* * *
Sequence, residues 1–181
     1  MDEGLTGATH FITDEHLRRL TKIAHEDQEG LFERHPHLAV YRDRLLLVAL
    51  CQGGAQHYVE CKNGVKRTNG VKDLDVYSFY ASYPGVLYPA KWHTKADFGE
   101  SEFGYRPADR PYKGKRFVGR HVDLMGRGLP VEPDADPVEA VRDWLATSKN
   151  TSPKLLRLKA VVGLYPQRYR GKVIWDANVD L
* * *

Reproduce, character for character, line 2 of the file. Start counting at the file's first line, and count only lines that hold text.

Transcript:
     1  MDEGLTGATH FITDEHLRRL TKIAHEDQEG LFERHPHLAV YRDRLLLVAL